Al Khobar emerges as third top area for hotel development in Saudi Arabia

Al Khobar has emerged as the third top area for hotel development in Saudi Arabia according to a new report, demonstrating the growing market for leisure and business tourism across the Kingdom.


With 20 hotel projects underway, the city has overtaken long-term hub for religious tourism – Makkah (19 projects) – and now follows closely behind Jeddah (44 projects) and Riyadh (48 projects).

The new figures have been revealed as part of the `2017 Saudi Arabia Hotel Construction Overview’ report by TOPHOTELPROJECTS, prepared exclusively for The Hotel Show Saudi Arabia. Experts attribute the surge in hotel development in Al Khobar, part of the third-largest metropolitan area in the Kingdom, to the industry-recognized potential of ‘secondary’ cities outside of Saudi Arabia’s key visitor destinations.

Huge potential

Filippo Sona, head of hotels – MENA, Colliers International, said: “Outside the Kingdom’s major cities, there are around 22 smaller cities with huge potential for hospitality development of any kind. Al Khobar benefits from its location, with a steady stream of business travelers due to its port.”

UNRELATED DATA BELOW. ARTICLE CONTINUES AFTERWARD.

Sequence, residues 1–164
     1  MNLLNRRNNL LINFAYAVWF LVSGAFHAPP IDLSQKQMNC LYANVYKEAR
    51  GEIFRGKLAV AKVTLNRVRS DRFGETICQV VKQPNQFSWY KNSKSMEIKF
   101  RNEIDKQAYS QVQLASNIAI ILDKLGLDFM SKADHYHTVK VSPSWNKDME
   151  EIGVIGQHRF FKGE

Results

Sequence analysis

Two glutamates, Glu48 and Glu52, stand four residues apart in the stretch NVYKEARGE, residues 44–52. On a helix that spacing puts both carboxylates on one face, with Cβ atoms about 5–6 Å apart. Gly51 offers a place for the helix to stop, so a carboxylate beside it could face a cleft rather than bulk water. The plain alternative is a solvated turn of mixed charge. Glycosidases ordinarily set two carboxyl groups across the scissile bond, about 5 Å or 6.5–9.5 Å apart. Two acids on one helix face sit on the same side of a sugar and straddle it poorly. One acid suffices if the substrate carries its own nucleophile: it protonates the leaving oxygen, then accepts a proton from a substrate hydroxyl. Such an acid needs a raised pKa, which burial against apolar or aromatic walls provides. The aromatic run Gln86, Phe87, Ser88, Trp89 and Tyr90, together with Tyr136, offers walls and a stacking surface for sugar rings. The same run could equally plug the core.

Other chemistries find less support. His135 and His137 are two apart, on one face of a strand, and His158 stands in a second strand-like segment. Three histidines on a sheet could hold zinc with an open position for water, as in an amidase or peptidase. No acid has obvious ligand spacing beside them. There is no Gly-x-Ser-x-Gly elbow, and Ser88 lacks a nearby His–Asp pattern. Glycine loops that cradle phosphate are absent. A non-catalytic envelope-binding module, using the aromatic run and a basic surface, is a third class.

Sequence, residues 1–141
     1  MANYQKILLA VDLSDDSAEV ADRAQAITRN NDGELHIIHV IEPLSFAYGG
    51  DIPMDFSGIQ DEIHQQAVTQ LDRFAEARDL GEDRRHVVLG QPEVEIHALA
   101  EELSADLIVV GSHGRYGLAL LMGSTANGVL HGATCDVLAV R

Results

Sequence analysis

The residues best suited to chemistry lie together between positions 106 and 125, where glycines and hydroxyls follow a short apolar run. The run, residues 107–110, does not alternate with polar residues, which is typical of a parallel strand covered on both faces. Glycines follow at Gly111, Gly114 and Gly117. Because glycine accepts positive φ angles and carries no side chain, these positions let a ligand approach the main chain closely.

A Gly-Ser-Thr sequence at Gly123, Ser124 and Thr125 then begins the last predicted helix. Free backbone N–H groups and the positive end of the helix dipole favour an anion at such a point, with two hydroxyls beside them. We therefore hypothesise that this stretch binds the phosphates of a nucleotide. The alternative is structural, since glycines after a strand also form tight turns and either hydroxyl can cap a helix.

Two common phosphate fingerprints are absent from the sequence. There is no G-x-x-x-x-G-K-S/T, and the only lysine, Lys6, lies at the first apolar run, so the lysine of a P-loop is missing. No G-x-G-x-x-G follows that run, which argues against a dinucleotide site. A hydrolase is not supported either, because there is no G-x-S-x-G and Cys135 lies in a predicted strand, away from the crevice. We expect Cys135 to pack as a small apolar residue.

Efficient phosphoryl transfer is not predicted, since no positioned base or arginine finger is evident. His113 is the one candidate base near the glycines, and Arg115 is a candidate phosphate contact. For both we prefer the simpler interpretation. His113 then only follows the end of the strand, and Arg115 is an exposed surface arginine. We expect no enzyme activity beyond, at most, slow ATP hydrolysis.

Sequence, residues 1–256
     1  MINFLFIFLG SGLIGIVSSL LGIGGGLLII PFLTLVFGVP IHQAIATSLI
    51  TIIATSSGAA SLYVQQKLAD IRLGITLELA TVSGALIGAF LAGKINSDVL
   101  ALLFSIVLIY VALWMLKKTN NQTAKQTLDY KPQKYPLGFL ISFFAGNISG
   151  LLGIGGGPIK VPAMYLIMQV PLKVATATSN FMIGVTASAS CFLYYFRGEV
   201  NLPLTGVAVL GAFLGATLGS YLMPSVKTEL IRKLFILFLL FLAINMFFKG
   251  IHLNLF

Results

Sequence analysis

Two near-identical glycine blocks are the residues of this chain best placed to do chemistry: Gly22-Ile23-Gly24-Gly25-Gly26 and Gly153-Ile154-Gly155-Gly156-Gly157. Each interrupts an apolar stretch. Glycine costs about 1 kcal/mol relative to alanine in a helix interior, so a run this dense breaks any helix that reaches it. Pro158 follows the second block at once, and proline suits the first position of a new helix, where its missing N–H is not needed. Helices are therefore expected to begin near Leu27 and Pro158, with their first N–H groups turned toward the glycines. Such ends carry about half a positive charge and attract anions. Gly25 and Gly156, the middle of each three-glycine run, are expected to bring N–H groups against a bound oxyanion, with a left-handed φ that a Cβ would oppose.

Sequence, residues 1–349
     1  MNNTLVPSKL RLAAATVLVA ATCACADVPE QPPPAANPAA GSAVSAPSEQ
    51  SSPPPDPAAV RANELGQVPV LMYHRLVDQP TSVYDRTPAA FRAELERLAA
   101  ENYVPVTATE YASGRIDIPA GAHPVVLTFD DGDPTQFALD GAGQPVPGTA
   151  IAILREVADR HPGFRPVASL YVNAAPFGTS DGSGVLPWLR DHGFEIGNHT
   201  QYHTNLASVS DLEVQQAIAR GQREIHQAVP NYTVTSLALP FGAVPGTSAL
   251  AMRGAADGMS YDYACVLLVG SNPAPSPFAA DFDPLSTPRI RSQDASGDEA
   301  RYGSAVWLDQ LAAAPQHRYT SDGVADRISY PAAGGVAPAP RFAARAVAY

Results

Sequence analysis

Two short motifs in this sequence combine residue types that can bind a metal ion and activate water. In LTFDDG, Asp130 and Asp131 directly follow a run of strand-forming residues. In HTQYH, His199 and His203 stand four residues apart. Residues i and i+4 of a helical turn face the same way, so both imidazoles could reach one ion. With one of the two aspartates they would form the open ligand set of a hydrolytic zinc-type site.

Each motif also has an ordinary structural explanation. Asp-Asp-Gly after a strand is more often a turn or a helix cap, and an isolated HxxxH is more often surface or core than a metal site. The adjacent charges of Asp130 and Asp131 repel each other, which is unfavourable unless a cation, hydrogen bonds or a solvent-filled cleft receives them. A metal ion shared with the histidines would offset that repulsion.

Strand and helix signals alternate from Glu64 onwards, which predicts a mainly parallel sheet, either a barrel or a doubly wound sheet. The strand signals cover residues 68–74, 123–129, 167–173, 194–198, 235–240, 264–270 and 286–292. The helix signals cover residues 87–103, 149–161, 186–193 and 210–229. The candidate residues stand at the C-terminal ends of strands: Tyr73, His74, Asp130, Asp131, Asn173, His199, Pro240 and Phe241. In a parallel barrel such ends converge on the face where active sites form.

He added: “A seaside location with beach resorts and directly on the border to Bahrain, it also welcomes savvy Bahraini tourists looking to explore what Saudi Arabia has to offer. Emerging destinations in Saudi Arabia also include Jubail, a key industrial city, and Al Hasa, a green area well connected with Qatar and popular with domestic tourists.”

Major brands

Major hotel brands including Novotel, Park Inn and Intercontinental are already placing these destinations on the global map. Occupancy rates are historically high across the country, tourism figures are on the increase and its some 27 million residents are traveling more than ever before.

With 175,000 rooms in the market at present and several more hotels under construction, there is the potential to more than double the number of rooms in the Kingdom through the opportunities presented through these secondary cities, Sona said.




eight − seven =